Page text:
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Re: [dinosaur] Dinosaurs most likely to survive the K-Pg extinction



I strongly disagree with Mike on this, though. Not the luck part, which is a big factor, but on the lack of a pattern.

In the terrestrial pattern the size pattern is extraordinarily strong. Animals >5 kg simply did not survive. Even within turtles and crocodilians this is true: large crocs and large tortoise mimics (such as xinjiangchelyids) did not make it.

Within the marine realmÂplanktonic taxa and animals that fed more directly on the plankton die off at rates higher than bottom-feeding benthic organisms. Large pelagic forms die off at rates higher than small demersal forms. And so on.

That said, once you are past these filters who lived and who died among the rest seems to be more stochastic. So why Aves and not Enantiornithes? Why some mammal clades and not others? These are less certain, and probably does have a lot to do about luck.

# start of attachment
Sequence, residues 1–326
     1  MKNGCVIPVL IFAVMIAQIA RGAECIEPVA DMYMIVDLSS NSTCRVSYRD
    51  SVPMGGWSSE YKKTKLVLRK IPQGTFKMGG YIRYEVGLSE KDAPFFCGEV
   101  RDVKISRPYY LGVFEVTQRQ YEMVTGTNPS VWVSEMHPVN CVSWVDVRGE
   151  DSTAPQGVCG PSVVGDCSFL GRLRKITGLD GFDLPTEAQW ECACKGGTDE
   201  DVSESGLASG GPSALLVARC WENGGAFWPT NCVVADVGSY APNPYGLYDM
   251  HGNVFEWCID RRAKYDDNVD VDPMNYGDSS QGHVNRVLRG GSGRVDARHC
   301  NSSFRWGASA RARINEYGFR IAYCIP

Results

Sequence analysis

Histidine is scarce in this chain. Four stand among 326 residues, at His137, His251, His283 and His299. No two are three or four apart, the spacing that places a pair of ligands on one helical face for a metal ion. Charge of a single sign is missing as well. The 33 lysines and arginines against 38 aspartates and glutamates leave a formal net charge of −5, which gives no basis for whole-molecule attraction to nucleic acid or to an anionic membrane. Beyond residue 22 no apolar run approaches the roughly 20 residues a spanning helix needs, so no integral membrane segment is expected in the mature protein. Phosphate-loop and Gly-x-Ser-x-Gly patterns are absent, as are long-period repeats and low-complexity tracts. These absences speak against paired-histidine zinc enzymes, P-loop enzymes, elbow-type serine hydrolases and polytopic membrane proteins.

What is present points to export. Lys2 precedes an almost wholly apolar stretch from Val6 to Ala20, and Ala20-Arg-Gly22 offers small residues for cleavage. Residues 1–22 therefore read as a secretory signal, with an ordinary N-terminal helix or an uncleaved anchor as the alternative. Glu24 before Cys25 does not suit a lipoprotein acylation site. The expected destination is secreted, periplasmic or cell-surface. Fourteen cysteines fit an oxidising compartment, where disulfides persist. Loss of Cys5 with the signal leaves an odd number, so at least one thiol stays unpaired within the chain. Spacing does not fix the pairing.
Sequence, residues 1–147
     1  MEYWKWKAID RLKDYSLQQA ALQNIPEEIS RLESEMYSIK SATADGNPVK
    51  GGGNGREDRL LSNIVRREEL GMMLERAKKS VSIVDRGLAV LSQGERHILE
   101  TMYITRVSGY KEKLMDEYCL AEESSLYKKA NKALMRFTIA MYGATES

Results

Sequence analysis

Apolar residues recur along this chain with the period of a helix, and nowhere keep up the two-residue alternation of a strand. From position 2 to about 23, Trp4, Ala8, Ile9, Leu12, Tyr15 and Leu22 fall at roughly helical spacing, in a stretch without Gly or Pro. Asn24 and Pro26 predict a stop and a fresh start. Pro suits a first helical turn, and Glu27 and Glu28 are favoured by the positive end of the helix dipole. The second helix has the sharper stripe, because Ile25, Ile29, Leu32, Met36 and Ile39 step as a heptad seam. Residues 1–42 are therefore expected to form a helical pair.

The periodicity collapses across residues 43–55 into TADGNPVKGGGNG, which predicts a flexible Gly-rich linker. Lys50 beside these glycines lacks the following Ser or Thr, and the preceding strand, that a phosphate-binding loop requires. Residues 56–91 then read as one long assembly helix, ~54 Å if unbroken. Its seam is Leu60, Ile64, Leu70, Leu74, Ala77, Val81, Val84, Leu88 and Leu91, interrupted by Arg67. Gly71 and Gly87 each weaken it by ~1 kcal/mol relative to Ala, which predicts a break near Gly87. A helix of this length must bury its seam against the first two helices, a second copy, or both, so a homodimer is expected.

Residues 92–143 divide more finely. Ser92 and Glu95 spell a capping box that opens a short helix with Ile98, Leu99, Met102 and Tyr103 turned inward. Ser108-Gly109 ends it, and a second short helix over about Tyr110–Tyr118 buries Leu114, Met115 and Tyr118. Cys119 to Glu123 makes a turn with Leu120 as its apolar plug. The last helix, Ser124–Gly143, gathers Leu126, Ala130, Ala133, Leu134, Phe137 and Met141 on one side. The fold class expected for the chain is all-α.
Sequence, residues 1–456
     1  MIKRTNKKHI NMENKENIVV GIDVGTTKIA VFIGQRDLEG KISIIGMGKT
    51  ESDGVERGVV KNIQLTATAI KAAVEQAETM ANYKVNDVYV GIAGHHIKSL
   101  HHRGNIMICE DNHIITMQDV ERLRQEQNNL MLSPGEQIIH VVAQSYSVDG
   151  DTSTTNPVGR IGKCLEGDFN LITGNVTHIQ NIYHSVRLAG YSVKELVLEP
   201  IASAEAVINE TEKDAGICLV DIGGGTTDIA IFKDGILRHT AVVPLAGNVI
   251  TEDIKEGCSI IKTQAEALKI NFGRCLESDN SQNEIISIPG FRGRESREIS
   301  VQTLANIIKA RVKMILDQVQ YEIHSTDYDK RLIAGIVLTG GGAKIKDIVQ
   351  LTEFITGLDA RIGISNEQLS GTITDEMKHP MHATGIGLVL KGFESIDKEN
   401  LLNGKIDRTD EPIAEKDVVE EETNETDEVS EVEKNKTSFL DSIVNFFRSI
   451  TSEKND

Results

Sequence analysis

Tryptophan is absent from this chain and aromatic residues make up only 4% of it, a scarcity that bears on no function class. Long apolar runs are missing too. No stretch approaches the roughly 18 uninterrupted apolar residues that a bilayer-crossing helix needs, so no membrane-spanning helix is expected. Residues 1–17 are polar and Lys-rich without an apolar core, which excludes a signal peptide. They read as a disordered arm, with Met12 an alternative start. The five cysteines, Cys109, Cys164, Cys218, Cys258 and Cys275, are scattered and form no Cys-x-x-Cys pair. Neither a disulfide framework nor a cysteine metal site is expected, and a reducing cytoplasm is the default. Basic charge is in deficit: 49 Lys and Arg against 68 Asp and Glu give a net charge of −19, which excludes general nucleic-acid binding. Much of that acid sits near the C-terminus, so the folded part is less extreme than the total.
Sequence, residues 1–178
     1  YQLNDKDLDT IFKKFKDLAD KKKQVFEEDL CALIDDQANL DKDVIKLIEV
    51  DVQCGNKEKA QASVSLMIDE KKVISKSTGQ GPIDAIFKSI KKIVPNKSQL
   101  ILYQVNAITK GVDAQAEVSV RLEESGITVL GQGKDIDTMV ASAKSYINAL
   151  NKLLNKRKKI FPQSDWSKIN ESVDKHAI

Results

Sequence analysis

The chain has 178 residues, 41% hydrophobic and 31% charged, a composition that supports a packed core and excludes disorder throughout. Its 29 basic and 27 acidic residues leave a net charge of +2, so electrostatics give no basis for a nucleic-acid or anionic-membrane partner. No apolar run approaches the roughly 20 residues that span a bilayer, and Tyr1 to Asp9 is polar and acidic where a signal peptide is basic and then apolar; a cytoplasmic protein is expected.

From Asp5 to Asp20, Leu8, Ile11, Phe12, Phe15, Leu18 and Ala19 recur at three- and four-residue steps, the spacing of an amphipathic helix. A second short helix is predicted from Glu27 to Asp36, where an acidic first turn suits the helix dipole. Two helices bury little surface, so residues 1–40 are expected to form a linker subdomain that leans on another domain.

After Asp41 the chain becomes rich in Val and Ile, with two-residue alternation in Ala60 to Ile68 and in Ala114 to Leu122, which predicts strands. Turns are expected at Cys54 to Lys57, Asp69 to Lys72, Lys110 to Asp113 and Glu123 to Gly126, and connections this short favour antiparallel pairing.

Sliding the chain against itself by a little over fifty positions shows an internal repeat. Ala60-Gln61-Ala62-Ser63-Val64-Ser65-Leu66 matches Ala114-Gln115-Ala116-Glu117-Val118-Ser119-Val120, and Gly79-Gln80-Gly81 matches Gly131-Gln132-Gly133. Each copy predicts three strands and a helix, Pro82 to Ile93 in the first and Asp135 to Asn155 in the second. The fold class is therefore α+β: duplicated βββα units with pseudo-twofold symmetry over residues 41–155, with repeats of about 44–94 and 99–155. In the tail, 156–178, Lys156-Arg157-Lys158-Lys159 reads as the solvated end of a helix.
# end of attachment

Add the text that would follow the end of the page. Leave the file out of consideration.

On Thu, Aug 13, 2020 at 6:57 AM Mike Taylor <sauropoda@gmail.com> wrote:
The thing about the K-T extinction is that there is no real pattern to
what did and did not survive. Lots of indicators have been proposed:
land vs. water-dwelling, large vs. small, endothermic vs. ectothermic,
etc. But none of them fits the data, which suggests that the strongest
factor affecting survival was sheer dumb luck.

So it's not really possible to answer your question of which dinosaurs
were most likely to survive that event, beyond the obvious observation
that birds evidently did (as you noticed). It could just as easily
have been hadrosaurs or titanosaurs; and the surviving mammals could
easily have not included the lineage that led to us.

-- Mike.

On Thu, 13 Aug 2020 at 08:45, Poekilopleuron <dinosaurtom2015@seznam.cz> wrote:
>
> Good day to all listmembers! I would like to ask, which non-avian dinosaur species from the terminal Cretaceous are (according to you) most likely to survive the extinction 66 million years ago? Small bird like species? Specialised aquatic or burrowing forms? Are there any hints of favourable adaptations for the possible survival in the fossil record? Thank you for your opinions! Tom


--

Thomas R. Holtz, Jr.
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